How the Green New Deal Could Retrofit Suburbs
The original New Deal included a bold attempt to rethink suburbia. We can still learn from it.
CityLab, Feb. 11, 2019
Last week, Representative Alexandria Ocasio-Cortez and Senator Ed Markey introduced a resolution that gives the heady vision of the “Green New Deal” some broad policy outlines—although the specifics are still up for grabs. Their resolution calls for a national, 10-year mobilization that would repair and upgrade infrastructure and switch the country over to 100-percent clean energy, among other goals.
As its name makes clear, in scope and ambition, the Green New Deal has strong parallels to the original New Deal, with its massive public-works projects like the Hoover Dam and jobs programs such as the Civilian Conservation Corps. But, amid calls for the Green New Deal to address wasteful land use, a smaller, more obscure initiative of the old New Deal is also worth revisiting: the greenbelt-towns program, undertaken by the short-lived federal Resettlement Administration (RA).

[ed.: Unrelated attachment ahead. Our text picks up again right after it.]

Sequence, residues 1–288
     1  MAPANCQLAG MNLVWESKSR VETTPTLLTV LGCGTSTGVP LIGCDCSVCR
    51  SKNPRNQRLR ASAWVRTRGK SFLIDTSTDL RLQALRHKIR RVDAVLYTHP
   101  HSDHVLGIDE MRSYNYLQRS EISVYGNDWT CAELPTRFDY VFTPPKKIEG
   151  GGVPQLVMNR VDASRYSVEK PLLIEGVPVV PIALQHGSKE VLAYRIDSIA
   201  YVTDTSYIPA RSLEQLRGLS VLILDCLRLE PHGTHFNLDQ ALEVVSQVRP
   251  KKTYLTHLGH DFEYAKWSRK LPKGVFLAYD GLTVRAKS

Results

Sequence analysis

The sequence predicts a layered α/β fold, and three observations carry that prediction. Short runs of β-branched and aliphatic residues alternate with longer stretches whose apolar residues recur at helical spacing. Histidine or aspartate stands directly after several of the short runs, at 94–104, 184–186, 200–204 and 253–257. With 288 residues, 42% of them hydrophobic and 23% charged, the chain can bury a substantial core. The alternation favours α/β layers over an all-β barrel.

With that program, the U.S. government threw its weight behind a progressive approach to urban planning and offered an alternative to helter-skelter suburban sprawl. The government could do so again, and work to fix suburbia’s lack of sustainable, affordable housing, and car dependency. A 21st-century agenda would learn from the New Deal’s failings, prioritizing racial and social equity and working with existing communities rather than imposing a top-down plan.